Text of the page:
Transparency keeps tech-product flaws from being fatal

"The product never lies."

"The product never lies."

While that truism applies to almost any company selling products or services, it is especially critical in the tech sector, where too often a product's promise is different from the reality of what's actually delivered. As we've seen with dozens of prominent companies of late, a software flaw, bug, or vulnerability reported nearly instantaneously by the press through multiple media channels can tarnish the reputation of a company faster than any rival's badmouthing can.

With consumers' increasing skepticism of the corporate world - especially in light of scandals at companies such as Tyco, WorldCom, and Enron - the credibility of a company is no longer assumed. It must repeatedly be proven to the public.

Since unbiased sources are increasingly scarce, the public relies on third-party, objective sources - such as the media, analyst firms, and research firms -to confirm or deny a company's credibility. This is especially true when it comes to tech companies and products; user/press reviews and analyst and research findings can make or break a product or company's selling value.

A software flaw is something much different than a product mistake in any other industry. Arguably unavoidable, it has become more or less commonplace, as has the patch that a company releases to fix it. While in the past tolerated as something inevitable when dealing with technology, software flaws have recently captured - and held - the spotlight.

Media attention to flaws in individual software programs has transformed into a widespread scrutiny of the entire software industry. Software flaws are being examined and reported like never before - and that's why it's important for companies to treat them much differently than they have in the past.

More specifically, companies should not wait before a third party finds a flaw in a product. They should announce it themselves. This is critical, not only to avoid complaints and business loss when customers stumble on the flaw themselves, but to help preserve the public image of corporate transparency and trust.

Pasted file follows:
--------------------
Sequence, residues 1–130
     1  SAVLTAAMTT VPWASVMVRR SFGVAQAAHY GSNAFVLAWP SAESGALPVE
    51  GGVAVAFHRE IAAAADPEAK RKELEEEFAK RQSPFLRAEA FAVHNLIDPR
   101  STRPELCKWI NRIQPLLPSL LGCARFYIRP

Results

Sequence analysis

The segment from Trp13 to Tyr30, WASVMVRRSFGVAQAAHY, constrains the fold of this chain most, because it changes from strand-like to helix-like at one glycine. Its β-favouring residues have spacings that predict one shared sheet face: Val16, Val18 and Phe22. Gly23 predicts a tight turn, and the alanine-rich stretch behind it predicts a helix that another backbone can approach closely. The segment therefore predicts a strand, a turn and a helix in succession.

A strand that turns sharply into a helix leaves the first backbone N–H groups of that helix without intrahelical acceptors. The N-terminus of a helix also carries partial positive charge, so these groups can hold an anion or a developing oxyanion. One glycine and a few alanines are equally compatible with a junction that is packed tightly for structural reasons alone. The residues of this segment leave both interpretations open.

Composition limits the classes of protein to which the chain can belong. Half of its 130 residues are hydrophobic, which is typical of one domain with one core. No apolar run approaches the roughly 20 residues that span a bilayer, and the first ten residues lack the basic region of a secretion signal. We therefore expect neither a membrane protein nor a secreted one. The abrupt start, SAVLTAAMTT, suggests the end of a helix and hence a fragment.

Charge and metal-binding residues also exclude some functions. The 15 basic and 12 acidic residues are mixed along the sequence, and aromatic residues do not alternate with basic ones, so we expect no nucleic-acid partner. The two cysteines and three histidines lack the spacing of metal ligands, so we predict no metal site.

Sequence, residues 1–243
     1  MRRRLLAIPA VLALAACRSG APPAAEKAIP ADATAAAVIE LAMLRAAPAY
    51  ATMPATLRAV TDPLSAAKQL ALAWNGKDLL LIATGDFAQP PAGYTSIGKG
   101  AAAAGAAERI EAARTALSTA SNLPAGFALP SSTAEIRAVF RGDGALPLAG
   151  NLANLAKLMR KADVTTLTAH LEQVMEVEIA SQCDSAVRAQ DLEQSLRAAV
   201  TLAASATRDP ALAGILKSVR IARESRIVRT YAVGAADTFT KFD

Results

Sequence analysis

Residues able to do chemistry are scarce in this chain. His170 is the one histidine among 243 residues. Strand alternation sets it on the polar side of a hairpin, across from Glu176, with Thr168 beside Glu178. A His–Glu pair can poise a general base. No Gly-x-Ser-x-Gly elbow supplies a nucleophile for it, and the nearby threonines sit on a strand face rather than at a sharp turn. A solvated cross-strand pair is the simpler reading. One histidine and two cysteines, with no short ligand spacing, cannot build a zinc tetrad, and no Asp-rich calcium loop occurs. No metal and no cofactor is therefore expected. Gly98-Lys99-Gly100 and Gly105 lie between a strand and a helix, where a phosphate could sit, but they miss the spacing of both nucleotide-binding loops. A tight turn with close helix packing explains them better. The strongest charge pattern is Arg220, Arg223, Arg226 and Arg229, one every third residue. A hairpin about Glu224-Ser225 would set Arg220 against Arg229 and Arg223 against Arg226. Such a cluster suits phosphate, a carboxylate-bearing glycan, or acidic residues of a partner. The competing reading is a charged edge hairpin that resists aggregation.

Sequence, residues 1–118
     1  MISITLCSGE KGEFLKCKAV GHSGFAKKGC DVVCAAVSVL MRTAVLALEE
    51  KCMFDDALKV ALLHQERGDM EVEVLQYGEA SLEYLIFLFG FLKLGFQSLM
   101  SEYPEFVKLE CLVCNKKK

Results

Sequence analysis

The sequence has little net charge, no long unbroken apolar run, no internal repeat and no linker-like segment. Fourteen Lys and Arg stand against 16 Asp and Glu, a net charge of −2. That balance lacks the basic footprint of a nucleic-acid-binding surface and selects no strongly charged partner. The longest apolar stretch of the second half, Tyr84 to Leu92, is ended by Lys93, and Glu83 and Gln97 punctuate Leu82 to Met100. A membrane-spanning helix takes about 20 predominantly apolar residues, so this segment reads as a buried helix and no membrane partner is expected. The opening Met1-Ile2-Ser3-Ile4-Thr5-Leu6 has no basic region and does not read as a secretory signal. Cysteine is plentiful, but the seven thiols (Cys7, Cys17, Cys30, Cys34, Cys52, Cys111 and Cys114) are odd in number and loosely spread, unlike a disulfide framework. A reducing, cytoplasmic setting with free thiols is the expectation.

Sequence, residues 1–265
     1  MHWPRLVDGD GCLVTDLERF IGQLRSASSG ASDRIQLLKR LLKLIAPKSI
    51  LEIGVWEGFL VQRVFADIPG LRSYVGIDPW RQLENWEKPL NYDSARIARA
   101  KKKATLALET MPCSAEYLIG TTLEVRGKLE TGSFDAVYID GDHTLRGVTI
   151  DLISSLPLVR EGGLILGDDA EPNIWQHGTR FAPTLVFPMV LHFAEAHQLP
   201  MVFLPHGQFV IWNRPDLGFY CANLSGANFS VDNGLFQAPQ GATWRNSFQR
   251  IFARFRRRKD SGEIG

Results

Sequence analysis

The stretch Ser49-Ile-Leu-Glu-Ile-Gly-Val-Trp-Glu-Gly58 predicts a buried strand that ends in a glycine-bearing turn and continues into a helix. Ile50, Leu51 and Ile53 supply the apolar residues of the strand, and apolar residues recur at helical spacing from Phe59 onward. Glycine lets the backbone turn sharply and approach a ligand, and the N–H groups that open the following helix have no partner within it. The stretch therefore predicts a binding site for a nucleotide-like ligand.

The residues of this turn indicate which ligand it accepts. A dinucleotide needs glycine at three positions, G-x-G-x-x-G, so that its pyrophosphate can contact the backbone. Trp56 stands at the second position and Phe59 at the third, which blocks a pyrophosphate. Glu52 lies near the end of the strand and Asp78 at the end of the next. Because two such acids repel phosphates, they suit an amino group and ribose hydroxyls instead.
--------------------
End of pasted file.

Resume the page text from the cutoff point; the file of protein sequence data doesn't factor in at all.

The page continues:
A company can follow a few guidelines to ensure the continued integrity of its brand.

First, continue stringently testing the product even after it hits the shelves. As we've seen with many software products, the finalized version typically contains myriad bugs and holes that are uncovered by research firms or reviewers who then send out damaging reports that could destroy the product's sales and credibility. Continued testing by programmers is key to discovering flaws and averting damage.

Second, give your customers information about the flaw and, most important, a solution. Since customers are the main source of revenue for most companies, it is understandable to balk at revealing something that will no doubt alienate even a few. Closed lips and crossed fingers may seem like a better alternative. However, consider that today's consumers - especially tech consumers - are well-informed, well-read, and extremely suspicious.

Announcing a flaw in your product won't make these consumers love you, but it will keep them from adding you to their boycott list - which they no doubt would do if they see a damning product review in their favorite publication. Include an effective solution, and your company will look responsible and consumer-friendly.

Third, speak to the third parties. Reporters, analysts, and other research entities can have a huge impact on the way your product flaw announcement is perceived. Going to them at the earliest possible opportunity and explaining the situation, along with a solution, can turn a potential negative report or article into a positive one.

Having a party other than the company reveal a flaw to the public paints that company as incompetent and casts doubt on the talent behind the product. Admitting product flaws early on and taking corrective measures to fix problems can mitigate bad press that may arise and spare that company the potential embarrassment of having a third party discover and publicize flaws.

Throughout the past year, media coverage of software flaws has appeared with increasing frequency. This has caused some in the industry to ask, "Consumers are protected when they buy defective or flawed goods in almost every product or service category. Why shouldn't buyers of software be protected, too?"

The question of accountability will become increasingly important as companies tally just how much that last virus or security flaw cost them in productivity and data loss. And while vendor disclosure of flaws will not negate responsibility, only through transparent dealings with its public will a tech company be able to build and retain the consumer trust upon which it depends.

  • Eric Armstrong is director of public and analyst relations for Citrix Systems.

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